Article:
Surface enhanced Raman radiation of crystal violet dye has been studied by modulating the
localized surface plasmon effect of silver nanoparticles. In the experiment, a buffer layer of silicon
dioxide (SiO<sub>2</sub>) was established between crystal violet dye and silver nanoparticles. With a probe of
laser beam of 532 nm in wavelength, it was found that the intensity of the Raman scattering
significantly depended on the thickness of SiO<sub>2</sub> layer. A maximum Raman-radiation intensity occurred
with a 10nm-thicked SiO<sub>2</sub> layer. The experimental observation shows a possible modulation of surface
enhanced Raman radiation by a proper dielectric buffer.
The authors presented an experimental observation of the dynamically optical response of silver
nanoparticle film. A 7nm-thicked sliver film was thermally deposited on an indium tin oxide glass
substrate and that be annealed from room temperature to 300°C. The absorbance spectra and the
dark-field micrograph of the silver nanoparticle film exhibited novel optical response, strongly
dependent on the particle geometry, from the excitation of the localized surface plasmon. In particular,
the peak wavelength and the maximum value of the absorbance and the exhibited color of the sample
changed dramatically during the heating. A convenient and non-destructive technique to directly
explore the substance in nanoscale has been achieved based on the optical analyses.
A tunable grating was fabricated with silver nanoparticles in a gradient increase of nanoparticle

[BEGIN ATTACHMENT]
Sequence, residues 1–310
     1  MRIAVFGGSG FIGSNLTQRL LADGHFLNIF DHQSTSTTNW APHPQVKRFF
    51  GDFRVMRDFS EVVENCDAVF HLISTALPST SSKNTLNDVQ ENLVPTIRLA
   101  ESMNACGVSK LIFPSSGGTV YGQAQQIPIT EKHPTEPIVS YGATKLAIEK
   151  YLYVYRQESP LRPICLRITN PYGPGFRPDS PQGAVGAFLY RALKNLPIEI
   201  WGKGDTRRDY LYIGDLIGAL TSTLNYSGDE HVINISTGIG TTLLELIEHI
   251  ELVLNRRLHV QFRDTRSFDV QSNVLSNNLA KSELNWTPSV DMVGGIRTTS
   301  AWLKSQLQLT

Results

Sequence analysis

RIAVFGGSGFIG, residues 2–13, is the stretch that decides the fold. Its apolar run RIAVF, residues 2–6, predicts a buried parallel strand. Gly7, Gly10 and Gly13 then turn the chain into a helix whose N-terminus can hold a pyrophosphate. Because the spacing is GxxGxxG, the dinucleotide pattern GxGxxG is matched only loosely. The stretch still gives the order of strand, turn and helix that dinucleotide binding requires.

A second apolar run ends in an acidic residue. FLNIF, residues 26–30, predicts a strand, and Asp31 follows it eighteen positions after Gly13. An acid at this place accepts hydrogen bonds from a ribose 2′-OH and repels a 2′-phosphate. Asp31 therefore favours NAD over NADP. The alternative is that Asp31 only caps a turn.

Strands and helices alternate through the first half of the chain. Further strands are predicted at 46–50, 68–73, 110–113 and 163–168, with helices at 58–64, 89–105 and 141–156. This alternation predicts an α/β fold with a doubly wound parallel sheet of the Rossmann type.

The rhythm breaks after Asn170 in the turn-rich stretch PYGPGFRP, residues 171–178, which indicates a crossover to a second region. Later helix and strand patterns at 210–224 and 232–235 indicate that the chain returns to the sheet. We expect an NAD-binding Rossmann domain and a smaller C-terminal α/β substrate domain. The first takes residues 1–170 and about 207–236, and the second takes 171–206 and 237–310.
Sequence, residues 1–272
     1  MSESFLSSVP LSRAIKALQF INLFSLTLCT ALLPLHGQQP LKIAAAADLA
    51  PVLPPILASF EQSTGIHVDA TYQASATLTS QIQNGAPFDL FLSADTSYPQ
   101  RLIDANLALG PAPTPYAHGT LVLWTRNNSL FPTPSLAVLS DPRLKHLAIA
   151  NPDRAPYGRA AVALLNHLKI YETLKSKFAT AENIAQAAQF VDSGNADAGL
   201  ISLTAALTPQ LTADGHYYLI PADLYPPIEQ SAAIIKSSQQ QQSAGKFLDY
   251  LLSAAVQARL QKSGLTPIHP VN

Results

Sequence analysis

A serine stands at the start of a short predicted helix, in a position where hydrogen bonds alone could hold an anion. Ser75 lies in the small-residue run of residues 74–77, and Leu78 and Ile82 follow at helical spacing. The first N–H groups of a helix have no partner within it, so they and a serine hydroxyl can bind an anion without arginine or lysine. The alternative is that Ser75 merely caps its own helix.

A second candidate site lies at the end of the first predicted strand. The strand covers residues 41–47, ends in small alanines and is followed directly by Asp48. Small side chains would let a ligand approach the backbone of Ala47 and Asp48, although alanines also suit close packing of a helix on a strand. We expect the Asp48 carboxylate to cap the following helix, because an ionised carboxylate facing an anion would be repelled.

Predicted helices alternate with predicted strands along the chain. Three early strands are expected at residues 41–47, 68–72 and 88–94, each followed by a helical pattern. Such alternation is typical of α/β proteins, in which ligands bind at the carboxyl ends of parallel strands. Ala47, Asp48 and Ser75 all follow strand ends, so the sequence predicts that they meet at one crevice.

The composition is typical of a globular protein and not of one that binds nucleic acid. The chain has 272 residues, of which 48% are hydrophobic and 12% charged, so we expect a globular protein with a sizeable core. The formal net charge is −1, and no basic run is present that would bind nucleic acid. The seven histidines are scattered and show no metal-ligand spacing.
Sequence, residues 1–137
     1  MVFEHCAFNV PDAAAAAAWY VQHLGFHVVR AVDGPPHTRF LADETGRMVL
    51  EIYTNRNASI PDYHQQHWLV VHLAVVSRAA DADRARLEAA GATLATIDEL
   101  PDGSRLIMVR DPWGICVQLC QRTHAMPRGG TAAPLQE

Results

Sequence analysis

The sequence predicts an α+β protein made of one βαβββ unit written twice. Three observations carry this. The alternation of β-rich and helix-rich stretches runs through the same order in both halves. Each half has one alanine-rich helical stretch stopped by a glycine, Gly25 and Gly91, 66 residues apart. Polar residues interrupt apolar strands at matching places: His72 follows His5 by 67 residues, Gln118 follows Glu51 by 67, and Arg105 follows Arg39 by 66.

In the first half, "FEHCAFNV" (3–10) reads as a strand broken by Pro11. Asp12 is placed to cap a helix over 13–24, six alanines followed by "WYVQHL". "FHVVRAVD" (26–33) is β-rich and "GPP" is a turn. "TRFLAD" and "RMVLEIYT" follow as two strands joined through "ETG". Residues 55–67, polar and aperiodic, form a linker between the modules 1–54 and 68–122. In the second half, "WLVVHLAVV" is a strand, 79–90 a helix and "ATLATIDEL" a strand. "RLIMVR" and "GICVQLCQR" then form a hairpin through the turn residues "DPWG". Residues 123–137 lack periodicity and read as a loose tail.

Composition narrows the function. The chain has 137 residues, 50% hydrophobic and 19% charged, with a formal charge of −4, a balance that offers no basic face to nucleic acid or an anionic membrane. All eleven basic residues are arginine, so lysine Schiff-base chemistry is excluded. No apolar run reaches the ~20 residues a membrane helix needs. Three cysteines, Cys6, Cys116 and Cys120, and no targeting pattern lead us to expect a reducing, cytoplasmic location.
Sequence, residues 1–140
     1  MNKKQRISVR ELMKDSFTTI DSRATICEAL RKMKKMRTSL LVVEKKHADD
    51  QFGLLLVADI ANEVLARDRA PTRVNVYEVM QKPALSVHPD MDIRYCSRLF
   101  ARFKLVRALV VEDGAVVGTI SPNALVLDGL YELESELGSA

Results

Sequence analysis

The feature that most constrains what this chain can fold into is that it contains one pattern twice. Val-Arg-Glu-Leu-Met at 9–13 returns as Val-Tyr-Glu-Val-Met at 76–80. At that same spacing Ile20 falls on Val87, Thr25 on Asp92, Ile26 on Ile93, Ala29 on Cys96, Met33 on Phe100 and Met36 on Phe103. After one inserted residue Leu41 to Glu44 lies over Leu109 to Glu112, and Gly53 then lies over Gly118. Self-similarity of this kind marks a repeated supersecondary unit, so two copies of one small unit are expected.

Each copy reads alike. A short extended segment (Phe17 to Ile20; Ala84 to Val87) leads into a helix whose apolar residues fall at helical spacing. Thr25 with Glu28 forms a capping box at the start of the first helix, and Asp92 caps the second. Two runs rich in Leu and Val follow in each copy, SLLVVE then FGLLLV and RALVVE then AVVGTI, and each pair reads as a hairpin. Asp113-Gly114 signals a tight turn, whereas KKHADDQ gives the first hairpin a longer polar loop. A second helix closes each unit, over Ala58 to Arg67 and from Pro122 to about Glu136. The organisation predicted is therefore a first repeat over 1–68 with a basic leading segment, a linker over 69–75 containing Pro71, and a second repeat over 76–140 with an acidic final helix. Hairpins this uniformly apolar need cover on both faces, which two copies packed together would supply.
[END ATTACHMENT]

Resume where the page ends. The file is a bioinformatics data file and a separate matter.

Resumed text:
size along the grating direction in this study. Owing to the gradual increment of the nanoparticle size,
the first order diffraction efficiencies of incident light presented as a function of the impinging position
of the probe beam. Via a probe of monochromatic light ranged from 450 to 750 nm, the positive and the
negative first order diffraction efficiency were measured by rotating the optical detector. It was noted
that the maximum positive and negative diffraction efficiency appeared at around 600 and 700 nm,
respectively. The difference in the peak wavelength of these two diffraction efficiency exhibited the
diffraction property was strongly affected by the gradient variation of the localized surface plasmon
effect. The first order diffraction efficiency spectra affected by the various excitations of the localized
surface plasmons with the taper size distribution of nanoparticles were the special discovery of the
study and may lead to a potential development in light modulation and manipulation.
The optical diffraction efficiency of lithographic grating was probed in this study. The enhanced
first order spectral diffraction efficiency emerged from localized surface-plasmon excitation of gold
nanoparticles which are alternatively uniformly and randomly spread in grating strips. The sensible
measurement more than traditional method is reported.